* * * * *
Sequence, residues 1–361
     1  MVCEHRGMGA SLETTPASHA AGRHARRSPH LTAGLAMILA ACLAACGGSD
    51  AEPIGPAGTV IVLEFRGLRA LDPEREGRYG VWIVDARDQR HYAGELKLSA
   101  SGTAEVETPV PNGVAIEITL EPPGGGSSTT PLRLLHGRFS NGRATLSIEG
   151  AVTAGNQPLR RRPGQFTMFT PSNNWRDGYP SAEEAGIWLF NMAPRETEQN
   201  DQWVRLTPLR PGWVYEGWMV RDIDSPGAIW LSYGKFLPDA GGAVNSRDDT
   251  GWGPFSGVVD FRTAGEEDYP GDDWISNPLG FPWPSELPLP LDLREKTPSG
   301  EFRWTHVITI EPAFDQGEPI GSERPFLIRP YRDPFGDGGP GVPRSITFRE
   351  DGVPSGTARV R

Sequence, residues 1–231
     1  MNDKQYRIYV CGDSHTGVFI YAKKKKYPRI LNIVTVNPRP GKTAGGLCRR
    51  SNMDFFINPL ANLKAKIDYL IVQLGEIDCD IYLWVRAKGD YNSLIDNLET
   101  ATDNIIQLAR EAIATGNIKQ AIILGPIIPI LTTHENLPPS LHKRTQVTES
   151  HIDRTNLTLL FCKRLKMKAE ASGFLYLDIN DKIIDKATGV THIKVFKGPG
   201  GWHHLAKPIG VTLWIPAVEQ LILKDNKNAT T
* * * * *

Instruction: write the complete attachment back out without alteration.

Sequence, residues 1–361
     1  MVCEHRGMGA SLETTPASHA AGRHARRSPH LTAGLAMILA ACLAACGGSD
    51  AEPIGPAGTV IVLEFRGLRA LDPEREGRYG VWIVDARDQR HYAGELKLSA
   101  SGTAEVETPV PNGVAIEITL EPPGGGSSTT PLRLLHGRFS NGRATLSIEG
   151  AVTAGNQPLR RRPGQFTMFT PSNNWRDGYP SAEEAGIWLF NMAPRETEQN
   201  DQWVRLTPLR PGWVYEGWMV RDIDSPGAIW LSYGKFLPDA GGAVNSRDDT
   251  GWGPFSGVVD FRTAGEEDYP GDDWISNPLG FPWPSELPLP LDLREKTPSG
   301  EFRWTHVITI EPAFDQGEPI GSERPFLIRP YRDPFGDGGP GVPRSITFRE
   351  DGVPSGTARV R

Sequence, residues 1–231
     1  MNDKQYRIYV CGDSHTGVFI YAKKKKYPRI LNIVTVNPRP GKTAGGLCRR
    51  SNMDFFINPL ANLKAKIDYL IVQLGEIDCD IYLWVRAKGD YNSLIDNLET
   101  ATDNIIQLAR EAIATGNIKQ AIILGPIIPI LTTHENLPPS LHKRTQVTES
   151  HIDRTNLTLL FCKRLKMKAE ASGFLYLDIN DKIIDKATGV THIKVFKGPG
   201  GWHHLAKPIG VTLWIPAVEQ LILKDNKNAT T